Israeli President Shimon Peres made history when he addressed the Masorti movement’s 35th anniversary gala on January 5, 2012. Peres, the first Israeli president to appear publicly with Masorti representatives, praised the movement’s contributions to Israel and its “commitment to humanism, peace, human rights and the rights of citizens.” After listening to Shirat Machar, the movement’s youth performing troupe, the president said, “I came here this evening to hear women singing.” Shirat Machar (Tomorrow’s Song) is the only religious movement-sponsored co-ed singing group in Israel. Peres’ comment was a pointed reference to the dispute that had raged across the country about whether Orthodox soldiers who believe that Jewish law does not allow them to listen to women sing should be allowed to walk out of official functions. The government ruled that the men must stay, but this dispute, among many others affecting the status of women, smolders on.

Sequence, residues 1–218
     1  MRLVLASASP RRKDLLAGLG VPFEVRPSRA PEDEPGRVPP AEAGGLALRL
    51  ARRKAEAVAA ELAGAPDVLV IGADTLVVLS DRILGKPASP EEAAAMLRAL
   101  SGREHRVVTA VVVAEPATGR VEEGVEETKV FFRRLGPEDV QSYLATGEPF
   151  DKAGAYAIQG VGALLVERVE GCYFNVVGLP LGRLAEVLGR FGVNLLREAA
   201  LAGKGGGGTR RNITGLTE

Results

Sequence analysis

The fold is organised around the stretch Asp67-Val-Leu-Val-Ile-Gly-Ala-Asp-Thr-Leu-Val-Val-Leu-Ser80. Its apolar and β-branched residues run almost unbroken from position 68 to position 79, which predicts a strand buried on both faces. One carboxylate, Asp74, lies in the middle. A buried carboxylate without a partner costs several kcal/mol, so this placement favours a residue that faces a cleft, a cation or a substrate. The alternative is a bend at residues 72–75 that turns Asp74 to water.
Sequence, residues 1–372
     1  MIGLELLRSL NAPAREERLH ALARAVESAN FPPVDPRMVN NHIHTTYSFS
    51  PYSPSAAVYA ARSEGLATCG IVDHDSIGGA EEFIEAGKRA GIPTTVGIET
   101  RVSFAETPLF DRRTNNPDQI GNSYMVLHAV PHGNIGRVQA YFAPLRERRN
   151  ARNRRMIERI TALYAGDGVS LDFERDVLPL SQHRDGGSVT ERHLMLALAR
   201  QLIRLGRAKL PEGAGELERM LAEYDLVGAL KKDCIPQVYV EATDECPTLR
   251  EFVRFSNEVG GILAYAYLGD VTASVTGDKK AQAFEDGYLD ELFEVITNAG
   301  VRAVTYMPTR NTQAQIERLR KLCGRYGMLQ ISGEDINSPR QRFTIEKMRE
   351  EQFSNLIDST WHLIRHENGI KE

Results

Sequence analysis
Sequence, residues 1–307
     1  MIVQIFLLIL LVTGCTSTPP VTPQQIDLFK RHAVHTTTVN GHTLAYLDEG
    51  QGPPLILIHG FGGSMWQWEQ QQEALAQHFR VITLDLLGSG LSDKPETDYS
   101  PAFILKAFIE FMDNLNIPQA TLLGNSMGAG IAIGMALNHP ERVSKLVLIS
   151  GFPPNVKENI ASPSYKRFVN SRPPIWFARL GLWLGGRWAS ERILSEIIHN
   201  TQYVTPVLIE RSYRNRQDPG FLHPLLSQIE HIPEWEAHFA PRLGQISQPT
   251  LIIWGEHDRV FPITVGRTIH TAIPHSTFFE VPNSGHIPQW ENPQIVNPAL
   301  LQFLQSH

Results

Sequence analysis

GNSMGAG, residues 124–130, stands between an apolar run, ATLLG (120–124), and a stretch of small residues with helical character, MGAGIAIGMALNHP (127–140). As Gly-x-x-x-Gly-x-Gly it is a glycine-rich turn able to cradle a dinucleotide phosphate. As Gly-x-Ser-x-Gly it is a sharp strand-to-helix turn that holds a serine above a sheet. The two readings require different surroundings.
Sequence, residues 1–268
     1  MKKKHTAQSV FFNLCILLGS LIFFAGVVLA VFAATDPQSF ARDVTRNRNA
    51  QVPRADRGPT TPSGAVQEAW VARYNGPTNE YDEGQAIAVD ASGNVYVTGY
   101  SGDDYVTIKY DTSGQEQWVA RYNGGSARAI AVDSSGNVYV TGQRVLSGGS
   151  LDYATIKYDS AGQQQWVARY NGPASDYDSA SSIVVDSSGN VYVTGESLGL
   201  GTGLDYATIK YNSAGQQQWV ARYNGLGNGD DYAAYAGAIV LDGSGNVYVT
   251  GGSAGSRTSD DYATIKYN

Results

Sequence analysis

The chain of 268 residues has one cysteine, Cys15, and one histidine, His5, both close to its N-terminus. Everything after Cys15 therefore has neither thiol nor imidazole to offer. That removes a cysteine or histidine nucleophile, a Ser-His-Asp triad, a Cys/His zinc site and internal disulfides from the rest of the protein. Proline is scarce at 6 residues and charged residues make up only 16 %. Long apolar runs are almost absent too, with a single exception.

President Peres said that Masorti has “quietly, systematically and guided by a love of Israel…succeeded in establishing itself in Israel, building a large number of communities and synagogues throughout the country, and winning hearts.”